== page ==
WASHINGTON – Democratic leaders in the Senate and House have concluded that a government-run insurance plan is the cheapest way to expand health coverage, and they sought Friday to rally support for the idea, prospects for which have gone in a few short weeks from bleak to bright.
The shift in momentum is so dramatic that many lawmakers now predict that President Barack Obama will sign a final bill that includes some form of government-sponsored insurance for people who do not receive coverage through the workplace. Even Democrats with strong reservations about expanding government’s role in the health care system say they are reconsidering the approach in hopes of making low-cost plans broadly available.
Senate Majority Leader Harry Reid and House Speaker Nancy Pelosi sought support Friday for expansive versions of the public option as they prepared to send reform legislation to the Senate and House floors. Their goal is to pass bills with similar versions of the public insurance option, so final talks between the two chambers can focus on other issues that could prove more difficult to resolve.
The public option emerged as a flashpoint in the reform debate at the outset, with liberals championing it as a precursor to a single-payer system and conservatives warning that it would lead to rationing. The rhetoric reached a fever pitch in hundreds of raucous town-hall meetings during the August congressional recess, leading Democrats – including Obama – to back off the idea for fear that it would sink overall reform legislation.
On Friday, congressional leaders marveled at how quickly the landscape has changed. “This is an exact quote: ‘Off the table,’ ” House Majority Whip James Clyburn said, recalling the headlines earlier this month when the Senate Finance Committee rejected two versions of the public option in its reform bill.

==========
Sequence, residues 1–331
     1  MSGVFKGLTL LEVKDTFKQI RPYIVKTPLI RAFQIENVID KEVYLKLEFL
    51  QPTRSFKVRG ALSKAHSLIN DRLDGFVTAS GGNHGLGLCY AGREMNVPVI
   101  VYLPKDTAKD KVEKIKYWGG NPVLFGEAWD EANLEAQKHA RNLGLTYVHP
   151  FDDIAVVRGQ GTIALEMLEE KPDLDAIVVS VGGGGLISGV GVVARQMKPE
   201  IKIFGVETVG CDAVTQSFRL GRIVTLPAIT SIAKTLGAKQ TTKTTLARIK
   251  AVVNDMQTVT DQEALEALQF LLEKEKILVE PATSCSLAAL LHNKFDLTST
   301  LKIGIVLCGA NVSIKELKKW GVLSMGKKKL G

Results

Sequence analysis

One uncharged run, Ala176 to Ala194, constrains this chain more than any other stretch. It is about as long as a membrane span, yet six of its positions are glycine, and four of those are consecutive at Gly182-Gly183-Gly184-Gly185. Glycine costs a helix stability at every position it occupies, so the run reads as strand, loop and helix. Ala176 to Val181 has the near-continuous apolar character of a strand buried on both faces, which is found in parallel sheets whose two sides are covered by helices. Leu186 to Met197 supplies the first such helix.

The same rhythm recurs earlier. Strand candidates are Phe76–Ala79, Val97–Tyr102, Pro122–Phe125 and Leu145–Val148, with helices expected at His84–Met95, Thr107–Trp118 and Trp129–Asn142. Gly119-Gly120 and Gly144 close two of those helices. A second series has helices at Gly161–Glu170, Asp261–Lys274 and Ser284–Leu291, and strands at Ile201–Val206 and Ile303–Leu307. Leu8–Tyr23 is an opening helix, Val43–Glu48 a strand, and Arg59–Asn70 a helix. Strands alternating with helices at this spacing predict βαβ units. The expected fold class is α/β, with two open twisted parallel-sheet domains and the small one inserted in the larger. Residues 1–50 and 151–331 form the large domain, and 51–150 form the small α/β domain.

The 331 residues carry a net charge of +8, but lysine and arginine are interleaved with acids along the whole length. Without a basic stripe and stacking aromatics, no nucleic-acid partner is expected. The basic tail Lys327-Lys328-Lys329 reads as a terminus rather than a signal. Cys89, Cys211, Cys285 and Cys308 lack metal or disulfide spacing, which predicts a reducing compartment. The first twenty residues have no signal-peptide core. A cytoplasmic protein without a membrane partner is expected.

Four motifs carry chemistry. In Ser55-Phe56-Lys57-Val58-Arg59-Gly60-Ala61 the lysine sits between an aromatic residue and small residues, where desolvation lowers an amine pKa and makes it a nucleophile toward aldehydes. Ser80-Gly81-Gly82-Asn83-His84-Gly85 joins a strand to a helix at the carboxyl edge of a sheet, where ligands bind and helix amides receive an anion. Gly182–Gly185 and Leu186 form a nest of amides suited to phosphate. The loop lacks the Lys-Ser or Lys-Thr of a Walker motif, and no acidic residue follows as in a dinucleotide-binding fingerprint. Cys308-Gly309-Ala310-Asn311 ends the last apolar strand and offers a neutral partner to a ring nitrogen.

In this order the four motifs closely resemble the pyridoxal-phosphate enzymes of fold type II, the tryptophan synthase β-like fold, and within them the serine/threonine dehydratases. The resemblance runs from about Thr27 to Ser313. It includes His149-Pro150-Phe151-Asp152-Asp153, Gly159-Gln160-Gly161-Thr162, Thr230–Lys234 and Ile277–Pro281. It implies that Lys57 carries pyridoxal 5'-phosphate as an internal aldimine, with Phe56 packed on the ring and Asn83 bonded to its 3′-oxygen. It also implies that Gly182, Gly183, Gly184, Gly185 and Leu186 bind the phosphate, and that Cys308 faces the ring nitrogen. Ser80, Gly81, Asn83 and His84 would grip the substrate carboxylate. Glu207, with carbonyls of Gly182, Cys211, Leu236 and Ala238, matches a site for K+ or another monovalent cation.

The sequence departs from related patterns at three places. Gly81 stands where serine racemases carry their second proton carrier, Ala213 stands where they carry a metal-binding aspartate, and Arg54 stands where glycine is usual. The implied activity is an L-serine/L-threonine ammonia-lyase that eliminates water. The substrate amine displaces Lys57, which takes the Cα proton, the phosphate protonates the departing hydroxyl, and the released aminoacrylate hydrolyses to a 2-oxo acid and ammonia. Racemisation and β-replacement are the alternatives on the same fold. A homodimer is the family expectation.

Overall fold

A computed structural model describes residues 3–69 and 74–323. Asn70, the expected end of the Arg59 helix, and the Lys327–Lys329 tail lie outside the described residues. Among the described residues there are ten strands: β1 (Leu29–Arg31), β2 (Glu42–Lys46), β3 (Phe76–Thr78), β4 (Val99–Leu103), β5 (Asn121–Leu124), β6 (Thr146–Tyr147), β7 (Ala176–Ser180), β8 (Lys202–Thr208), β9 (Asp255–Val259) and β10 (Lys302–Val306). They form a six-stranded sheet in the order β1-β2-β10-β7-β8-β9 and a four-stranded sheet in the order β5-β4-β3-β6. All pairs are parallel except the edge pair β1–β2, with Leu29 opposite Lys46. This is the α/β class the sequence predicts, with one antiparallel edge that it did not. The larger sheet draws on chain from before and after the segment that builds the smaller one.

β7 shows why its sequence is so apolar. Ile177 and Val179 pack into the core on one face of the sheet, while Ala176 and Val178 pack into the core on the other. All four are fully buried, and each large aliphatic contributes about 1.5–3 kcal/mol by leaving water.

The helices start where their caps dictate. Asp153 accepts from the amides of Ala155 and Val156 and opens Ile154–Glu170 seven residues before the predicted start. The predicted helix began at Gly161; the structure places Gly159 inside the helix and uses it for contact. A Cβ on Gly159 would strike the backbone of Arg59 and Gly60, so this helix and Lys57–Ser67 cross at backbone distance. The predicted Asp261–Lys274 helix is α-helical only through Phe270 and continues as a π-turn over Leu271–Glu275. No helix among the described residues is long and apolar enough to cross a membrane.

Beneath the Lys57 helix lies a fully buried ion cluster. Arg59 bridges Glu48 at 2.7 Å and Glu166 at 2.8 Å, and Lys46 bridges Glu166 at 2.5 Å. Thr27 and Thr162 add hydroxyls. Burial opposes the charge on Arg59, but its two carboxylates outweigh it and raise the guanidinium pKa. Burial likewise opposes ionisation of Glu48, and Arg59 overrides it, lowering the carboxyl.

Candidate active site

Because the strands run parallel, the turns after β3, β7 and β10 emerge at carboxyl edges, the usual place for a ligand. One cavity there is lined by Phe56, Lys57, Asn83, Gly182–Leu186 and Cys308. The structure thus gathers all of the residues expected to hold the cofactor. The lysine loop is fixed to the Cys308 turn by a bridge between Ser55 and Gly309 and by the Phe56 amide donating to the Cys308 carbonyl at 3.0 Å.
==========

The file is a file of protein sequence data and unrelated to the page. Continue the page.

Clyburn said the debate is no longer whether to include a public option, but “whether or not we will get this form of a public option or that form of a public option.” Since the talk of “death panels” at town-hall meetings in August, Clyburn said, the political climate has changed as voters have come to understand “that all of this foolishness was just that – foolishness. Nobody wants to pull the plug on Grandma.”
The public-option debate is frustrating some Democrats, who have come to believe that a government-run plan is neither as radical as its conservative critics have portrayed, nor as important as its liberal supporters advocate. Any public plan is likely to have a relatively narrow scope, as it would be offered only to people who don’t have access to coverage through an employer.
The public option would effectively be just another insurance plan offered on the open market. It would likely be administered by a private insurance provider, charging premiums and copayments like any other policy. In an early estimate of the House bill, the Congressional Budget Office forecast that fewer than 12 million people would buy insurance through the government plan.
Sen. Mary Landrieu, D-La., said she still opposes a national plan financed by the federal government but would consider other permutations of a public plan, including a provision Reid is circulating to establish an “opt-out” clause for states that don’t want to participate. “There is a way to compromise this, I believe,” she said. “The goal is not public or private. The goal is choice and affordability.”
Reid’s strategy is to persuade his Democratic caucus to allow a health care bill with an opt-out public plan to come to the floor, even if there is no guarantee that all 60 senators who caucus with Democrats would ultimately vote for it. All 40 Republicans, including Sen. Olympia J. Snowe, of Maine, who supported the Finance Committee bill, have pledged to block legislation that includes a government insurance plan. Reid must unite Democrats to break that filibuster.
“He knows what he’s doing is a gamble,” Reid spokesman Jim Manley said. “But more and more, he’s convinced it’s the right thing to do.”